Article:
My official job title at the Housing Rights Task Force (HRTF) is ‘Community Organizing Intern’. Almost every day, I’m out in the community with Star and another person on HRTF’s staff that serves as a translator. We conduct demographic surveys and discuss with community leaders the threat of eviction the community faces. HRTF advocates for Phnom Penh’s urban poor and through these trips into the field, I’ve seen a lot of parts of Phnom Penh that I would never have seen before. Most of these little villages will never appear on a map (we frequently get lost trying to find them) and since they are small and vulnerable, few ever know that the government mistreats the communities.
The four of us HRTF interns from Duke have 4, 20 minute Tuk Tuk rides together every day to and from work. These trips tend to generate intense discussions about what we’re doing this summer. One of our most common conversation topics is whether or not the communities we visit have a legitimate claim to their land and how the government should balance development and providing for its people. We also tend to have heated discussion about the validity of our organization’s primary goals. These are a couple of the communities I’ve been to and their stories, as well as a bit of commentary on what they do, or do not deserve from the government in the case of eviction, as well as some thoughts on HRTF.
The Cheko community has been settled in this area since 1981. The government has refused to grant the community land titles despite numerous requests. The community has been organized since 1998 and has been working extensively with several NGOs to develop the infrastructure of the neighborhood, educate the residents, and great a strong community leadership to fight for land titles. The community’s 360 residents contribute to a communal savings fund that has been used to improve the community infrastructure by fixing the water and sewage systems. There have been vague rumors that the government wants to sell the land to a private company to develop. Under Cambodian law, the members of this community should be given titles to their land when it is registered because they are considered legal possessors and are peacefully settled in their homes. In addition, the community has made substantial improvements on its own to systems that the government is obligated, but neglected to, supply. Therefore, the community members deserve greater compensation should they be evicted due to a greater market value of their property. This is a well established and strong neighborhood that would cause the government a lot of trouble if they are unfairly evicted. City Hall should leave well enough alone in this case.
The Tampa community is located on the upper floors of a building that was largely gutted by a massive fire in 2002. The 92 residents have been living in the community since 1979 and in 1991 were granted a communal land title for 17 homes. Before the fire, residents were threatened with eviction due to the building’s poor drainage system and a lack of a sewage system. Now, government officials are again threatening eviction due to the risk of another fire. It was hard to tell given the language barrier, but it seems like the building will soon be condemned and that is why the residents will be evicted. The community members do not want to leave their homes but should they be forced to, they are entitled to compensation because they possess a land title. This was a strage case because Cambodia does have very clear building codes and the community seems to have ignored this and waited for the government to come fix their building for them. Since these people are land owners, it is their responsibility to keep their homes up to code. The government therefore has every right to force them to make the necessary improvements to prevent another fire, force them to sell their homes so the building can be restored, or to move elsewhere. This was a case where we agreed that housing rights do not extend to owner negligence and the government is actually doing the right thing to protect the people.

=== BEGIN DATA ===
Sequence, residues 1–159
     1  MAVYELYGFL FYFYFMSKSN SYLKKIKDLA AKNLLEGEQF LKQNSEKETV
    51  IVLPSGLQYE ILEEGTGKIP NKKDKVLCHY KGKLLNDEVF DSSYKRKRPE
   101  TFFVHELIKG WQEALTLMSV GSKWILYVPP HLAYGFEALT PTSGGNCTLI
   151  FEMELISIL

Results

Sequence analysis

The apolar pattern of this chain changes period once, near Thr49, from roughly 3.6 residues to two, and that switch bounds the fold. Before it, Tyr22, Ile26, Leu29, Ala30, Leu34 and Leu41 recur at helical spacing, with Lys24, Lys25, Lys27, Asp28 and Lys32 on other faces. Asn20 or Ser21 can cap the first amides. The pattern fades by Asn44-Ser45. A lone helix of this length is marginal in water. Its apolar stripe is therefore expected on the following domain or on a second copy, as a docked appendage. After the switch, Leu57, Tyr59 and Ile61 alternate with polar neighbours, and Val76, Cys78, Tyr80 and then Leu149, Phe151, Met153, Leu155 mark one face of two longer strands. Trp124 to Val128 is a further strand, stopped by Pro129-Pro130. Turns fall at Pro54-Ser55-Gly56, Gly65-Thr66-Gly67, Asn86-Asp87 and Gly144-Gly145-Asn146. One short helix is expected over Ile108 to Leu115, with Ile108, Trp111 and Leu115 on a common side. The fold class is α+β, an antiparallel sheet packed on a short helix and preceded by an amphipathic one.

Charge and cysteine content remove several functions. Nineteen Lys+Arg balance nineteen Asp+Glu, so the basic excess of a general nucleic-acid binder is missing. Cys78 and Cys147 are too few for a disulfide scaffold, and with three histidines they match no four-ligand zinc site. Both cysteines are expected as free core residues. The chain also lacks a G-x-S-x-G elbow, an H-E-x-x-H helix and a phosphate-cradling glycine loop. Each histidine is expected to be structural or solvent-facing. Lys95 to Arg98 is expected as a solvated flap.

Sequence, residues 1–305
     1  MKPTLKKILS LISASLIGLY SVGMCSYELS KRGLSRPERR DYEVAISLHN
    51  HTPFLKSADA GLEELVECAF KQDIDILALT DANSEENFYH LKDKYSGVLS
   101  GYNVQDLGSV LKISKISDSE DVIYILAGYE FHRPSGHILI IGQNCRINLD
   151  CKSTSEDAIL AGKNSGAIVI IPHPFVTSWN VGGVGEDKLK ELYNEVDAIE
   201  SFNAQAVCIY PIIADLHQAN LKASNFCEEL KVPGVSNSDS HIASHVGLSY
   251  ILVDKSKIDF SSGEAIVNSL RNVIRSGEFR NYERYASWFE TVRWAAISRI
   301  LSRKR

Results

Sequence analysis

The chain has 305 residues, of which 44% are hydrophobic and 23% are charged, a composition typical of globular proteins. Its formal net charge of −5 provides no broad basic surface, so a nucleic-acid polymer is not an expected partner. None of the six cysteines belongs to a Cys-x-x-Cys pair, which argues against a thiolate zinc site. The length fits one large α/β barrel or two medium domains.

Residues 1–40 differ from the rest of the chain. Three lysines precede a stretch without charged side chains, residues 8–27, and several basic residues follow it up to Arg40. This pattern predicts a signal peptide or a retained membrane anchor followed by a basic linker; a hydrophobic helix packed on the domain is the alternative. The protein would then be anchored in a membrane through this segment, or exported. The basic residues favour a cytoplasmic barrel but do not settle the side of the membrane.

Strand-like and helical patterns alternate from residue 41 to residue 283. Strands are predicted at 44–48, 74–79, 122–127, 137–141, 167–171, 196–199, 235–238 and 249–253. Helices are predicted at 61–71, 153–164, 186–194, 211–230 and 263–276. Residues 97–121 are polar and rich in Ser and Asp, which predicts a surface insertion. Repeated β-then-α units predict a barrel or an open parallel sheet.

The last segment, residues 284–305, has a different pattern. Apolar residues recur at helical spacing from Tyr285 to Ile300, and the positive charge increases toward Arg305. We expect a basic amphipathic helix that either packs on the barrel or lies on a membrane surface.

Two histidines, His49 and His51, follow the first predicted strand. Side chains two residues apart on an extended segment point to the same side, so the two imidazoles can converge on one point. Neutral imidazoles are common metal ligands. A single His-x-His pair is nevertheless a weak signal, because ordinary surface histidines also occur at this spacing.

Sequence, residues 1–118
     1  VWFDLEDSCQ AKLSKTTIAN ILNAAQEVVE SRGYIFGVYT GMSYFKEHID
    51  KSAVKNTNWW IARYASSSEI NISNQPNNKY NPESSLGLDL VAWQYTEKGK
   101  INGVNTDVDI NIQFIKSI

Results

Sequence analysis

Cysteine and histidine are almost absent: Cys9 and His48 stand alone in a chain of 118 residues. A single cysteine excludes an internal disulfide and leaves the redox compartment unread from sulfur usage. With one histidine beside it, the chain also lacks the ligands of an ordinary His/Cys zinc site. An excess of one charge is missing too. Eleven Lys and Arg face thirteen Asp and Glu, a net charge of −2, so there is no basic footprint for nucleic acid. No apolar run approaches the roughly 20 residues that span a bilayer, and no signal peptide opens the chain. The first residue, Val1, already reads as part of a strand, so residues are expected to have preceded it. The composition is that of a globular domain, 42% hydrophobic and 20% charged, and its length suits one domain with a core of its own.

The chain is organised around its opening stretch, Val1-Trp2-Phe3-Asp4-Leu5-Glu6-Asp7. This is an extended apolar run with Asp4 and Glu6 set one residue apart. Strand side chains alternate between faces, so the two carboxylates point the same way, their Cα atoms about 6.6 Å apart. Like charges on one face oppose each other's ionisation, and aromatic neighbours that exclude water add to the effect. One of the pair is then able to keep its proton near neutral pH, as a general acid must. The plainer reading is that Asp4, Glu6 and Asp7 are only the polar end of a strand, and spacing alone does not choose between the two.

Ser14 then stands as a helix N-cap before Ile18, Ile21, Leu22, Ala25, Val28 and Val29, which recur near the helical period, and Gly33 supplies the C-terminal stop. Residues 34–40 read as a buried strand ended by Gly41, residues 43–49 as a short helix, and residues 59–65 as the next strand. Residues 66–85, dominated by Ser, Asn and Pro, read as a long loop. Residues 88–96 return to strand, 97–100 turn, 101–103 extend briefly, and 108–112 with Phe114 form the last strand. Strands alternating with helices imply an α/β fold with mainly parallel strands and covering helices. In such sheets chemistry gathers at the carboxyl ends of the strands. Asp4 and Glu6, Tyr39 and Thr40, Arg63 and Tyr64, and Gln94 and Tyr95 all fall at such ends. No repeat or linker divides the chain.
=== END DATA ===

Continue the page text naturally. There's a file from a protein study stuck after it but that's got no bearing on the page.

These cases are two of the less complicated ones we’ve faced. One of these communities deserves to stay on its land and the other deserves to leave due to its own negligence. The thing about HRTF is, the organization believes that neither community should be evicted. In fact, HRTF doesn’t think anyone should be evicted, ever, even if people are living on public land, opening shops on top of a railroad track, or can’t afford their rent. This is an ideological stance that doesn’t really sit well with me. I feel like we’re giving false hope to communities that really have no chance of keeping their land when we tell them we’ll be their advocates. In addition, HRTF seems to have an unrealistic view of the government. The staff all see the government as being out to get the poor people of the country. I’m no fan of Hun Sen, the dictatorial Prime Minister, but it’s important to keep in mind that Cambodia is industrializing, people are going to have to leave their homes to fix the railroad, to build water storage facilities on state land, and to develop the country. There’s a fine line between recognizing the shortcomings of a government while considering it’s realities and developing a Big Brother complex. Well, HRTF looked at that line and long-jumped over to the side that hates the government. I know I’m learning a lot by working at HRTF but I can’t help but feel that the organization is a bit misguided in its views. Some days, going to work feels like a fight against brainwashing. I don’t think such a small organization was ready for the scrutiny, or maybe just cynicism, that the four of us Duke students subject it to.